Our timing was perfect, as the sun splashed into the ocean we entered Mindelo anchorage. Four wrecks to avoid, rusting hulls to zigzag round, the ferry terminal to give a wide berth to and then all those yachts that had arrived before us. We found a spot and dropped the anchor in the dark and slept like logs despite 60 knot gusts.

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Caramor in Mindelo anchorage

Mindelo used to be called Porto Grande and is reputed amongst the finest natural harbours in the eastern Atlantic. This is where steam ships stopped off on their way to America to refuel with coal.

Today it has a small commercial harbour, a boat yard, a small fishing fleet and is home to Cape Verde's only marina. Marina Mindelo was built and is run by a German who sailed by in the mid 90s, recognised Mindelo's potential and returned to slowly build his empire. It has created much needed jobs and put Cape Verde on the sailing map, encouraging yachtsmen to stop off including a few organised rallies but it has also created a barrier; it holds a monopoly on anything sailing.

The following morning we rowed in, we were keen to enquire whether the marina shop sold parts or a replacement winch. Service comes with conditions here: "Are you in the marina? No? Come into the marina and we will see what we can do. We can probably make all the parts for you." Now that's a promise ... Against our better judgement we moved into the marina, the wind was still very strong and the swell far worse on the pontoons. Back at the shop: "I'll check what we have in the workshop and I'll come to your boat in an hour and a half." Two days later we were still waiting ... the vibes weren't good, the office staff unhelpful and unfriendly, the motion on the pontoon horrendous to the point of making us feel seasick. It is hard to describe, imagine you are on a swing and every time you get to the end of the run, someone pulls on one of the ropes, bringing you to a sudden stop and sending you spinning in the other direction. 24 hours of this treatment starts to affect your sanity, after 48 hours you are stressed, disorientated or murderous. All this for 21 Euros a night. Bargain!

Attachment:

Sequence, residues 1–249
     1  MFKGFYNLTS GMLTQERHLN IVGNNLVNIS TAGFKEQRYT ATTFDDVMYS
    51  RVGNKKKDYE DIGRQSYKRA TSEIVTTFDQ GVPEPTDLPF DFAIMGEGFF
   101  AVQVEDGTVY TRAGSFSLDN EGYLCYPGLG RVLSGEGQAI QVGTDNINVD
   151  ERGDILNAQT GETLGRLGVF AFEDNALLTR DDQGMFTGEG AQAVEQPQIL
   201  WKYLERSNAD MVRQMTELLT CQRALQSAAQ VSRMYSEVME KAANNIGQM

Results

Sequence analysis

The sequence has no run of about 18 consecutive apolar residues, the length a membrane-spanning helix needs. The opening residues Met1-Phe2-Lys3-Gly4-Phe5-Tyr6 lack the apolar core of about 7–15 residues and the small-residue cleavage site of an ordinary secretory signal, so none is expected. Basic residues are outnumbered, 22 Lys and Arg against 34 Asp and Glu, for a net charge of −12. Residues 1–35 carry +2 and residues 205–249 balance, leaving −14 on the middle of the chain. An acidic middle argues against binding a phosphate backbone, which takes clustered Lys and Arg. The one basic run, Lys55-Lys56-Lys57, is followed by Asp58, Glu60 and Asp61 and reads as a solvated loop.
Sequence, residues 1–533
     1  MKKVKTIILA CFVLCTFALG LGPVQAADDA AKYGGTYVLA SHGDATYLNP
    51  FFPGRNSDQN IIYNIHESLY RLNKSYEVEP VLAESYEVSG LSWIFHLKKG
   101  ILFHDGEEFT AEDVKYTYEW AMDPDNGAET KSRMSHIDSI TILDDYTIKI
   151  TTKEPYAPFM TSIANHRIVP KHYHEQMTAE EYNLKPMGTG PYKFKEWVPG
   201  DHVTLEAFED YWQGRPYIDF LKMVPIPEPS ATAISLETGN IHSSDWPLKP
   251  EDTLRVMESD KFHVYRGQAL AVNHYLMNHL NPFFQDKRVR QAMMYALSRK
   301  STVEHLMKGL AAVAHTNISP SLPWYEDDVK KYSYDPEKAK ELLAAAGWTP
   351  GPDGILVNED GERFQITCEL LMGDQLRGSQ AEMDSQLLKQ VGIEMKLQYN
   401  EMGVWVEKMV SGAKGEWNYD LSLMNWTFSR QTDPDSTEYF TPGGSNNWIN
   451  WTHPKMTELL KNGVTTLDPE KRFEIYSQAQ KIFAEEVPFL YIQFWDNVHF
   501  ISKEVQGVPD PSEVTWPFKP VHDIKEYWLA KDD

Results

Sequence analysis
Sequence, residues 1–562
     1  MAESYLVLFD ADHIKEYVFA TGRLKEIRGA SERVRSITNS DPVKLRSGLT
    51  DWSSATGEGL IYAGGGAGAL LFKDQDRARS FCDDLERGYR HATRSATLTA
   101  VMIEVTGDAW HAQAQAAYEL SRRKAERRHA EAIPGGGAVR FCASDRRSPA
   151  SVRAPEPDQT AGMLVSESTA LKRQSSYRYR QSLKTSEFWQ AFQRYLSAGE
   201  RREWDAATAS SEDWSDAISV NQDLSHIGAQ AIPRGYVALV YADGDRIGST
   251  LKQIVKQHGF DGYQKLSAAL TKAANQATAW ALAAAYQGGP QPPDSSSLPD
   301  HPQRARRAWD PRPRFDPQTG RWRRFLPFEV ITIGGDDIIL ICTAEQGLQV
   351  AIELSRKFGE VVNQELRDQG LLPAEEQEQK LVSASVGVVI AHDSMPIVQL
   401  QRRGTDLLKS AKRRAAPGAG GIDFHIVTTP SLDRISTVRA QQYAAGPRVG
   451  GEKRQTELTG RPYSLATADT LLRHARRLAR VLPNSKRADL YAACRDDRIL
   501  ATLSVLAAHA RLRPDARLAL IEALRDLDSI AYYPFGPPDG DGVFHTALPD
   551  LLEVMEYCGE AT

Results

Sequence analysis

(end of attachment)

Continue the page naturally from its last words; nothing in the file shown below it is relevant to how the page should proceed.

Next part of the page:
The pontoon we were on broke so we moved to the next one out, that evening one of our mooring lines broke, it had rubbed through the plastic armoured hose, luckily we had doubled our lines. The next morning our new pontoon started to break up too, time to cut our losses and go back out to the anchorage, we will manage without a winch until we get to Brazil.

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Mindelo Marina (on a slightly less windy day)